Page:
Friday, June 10, 2016
To be a teenage Indians fan during the 1990s was to have a wealth of fantastic offensive players to cheer for at a time when you were too young to fully appreciate it. At the time I graduated from high school, in June of 1998, Manny Ramirez had finished runner up in the AL Rookie of the Year voting, had been named an All-Star and won a Silver Slugger, had received mention on MVP ballots, and had a career OPS close to .940, but he'd never been the Tribe's best or even second-best hitter, and having luxuriated in the warmth of Albert Belle, Jim Thome, Kenny Lofton, and David Justice over the years, I didn't fully grasp how good Ramirez was. As the 1998 season continued though, Ramirez drew more and more of my attention, and then in 1999 and 2000 Manny put up two of the best seasons by any hitter in any era. You could argue he was too good for the Indians, because by hitting so well, he played his way out of their price range and signed with Boston, going on to far greater fame than he'd found in Cleveland.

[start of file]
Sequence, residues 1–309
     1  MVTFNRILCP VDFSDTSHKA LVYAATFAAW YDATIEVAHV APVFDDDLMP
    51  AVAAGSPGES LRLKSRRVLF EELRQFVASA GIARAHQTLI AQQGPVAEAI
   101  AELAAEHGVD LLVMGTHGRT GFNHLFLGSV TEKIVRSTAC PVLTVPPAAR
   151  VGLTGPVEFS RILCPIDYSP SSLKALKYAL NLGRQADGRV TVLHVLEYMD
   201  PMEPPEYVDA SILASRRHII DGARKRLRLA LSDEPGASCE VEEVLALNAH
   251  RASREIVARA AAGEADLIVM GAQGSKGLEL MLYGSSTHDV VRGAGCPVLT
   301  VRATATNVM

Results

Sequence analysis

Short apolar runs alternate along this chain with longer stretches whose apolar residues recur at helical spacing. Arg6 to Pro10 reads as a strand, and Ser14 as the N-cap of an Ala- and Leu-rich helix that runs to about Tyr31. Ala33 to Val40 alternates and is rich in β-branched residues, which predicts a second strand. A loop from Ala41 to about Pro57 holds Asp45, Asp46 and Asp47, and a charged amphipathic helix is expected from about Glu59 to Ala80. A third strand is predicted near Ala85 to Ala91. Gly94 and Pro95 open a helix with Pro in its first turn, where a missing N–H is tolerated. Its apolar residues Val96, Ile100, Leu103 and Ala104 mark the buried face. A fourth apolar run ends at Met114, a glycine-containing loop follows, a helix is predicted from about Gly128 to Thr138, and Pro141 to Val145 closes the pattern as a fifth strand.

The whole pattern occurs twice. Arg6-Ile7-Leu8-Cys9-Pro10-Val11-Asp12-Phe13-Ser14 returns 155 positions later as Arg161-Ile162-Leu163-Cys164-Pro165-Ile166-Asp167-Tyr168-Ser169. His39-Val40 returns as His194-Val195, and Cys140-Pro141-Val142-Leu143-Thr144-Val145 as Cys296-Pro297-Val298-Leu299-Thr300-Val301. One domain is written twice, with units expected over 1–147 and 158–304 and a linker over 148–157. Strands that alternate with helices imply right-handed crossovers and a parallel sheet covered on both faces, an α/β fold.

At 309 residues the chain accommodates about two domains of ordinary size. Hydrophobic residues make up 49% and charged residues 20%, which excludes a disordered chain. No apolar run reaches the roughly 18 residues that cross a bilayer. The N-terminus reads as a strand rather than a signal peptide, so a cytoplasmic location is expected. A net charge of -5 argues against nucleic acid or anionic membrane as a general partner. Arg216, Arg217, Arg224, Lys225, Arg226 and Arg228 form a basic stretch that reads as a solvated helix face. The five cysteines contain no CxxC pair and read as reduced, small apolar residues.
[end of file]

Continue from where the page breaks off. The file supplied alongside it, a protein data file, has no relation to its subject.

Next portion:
Friday, June 3, 2016
Red Sox shortstop Xander Bogaerts just finished up a 26-game hitting streak going. His teammate, Boston outfielder Jackie Bradley Jr. recently had a 29-game hitting streak. Two players on the same team each putting up a streak that long seemed liked a rarity, and while most people would have been content to leave it at that, I've never been one to back down from hours of research to answer a question few people are asking. It turns out my hunch was correct; since 1913 (the first season there are box scores for at Baseball-Reference), Bradley and Bogaerts are only the sixth pair of teammates to each have a hitting streak of 25+ games in the same season.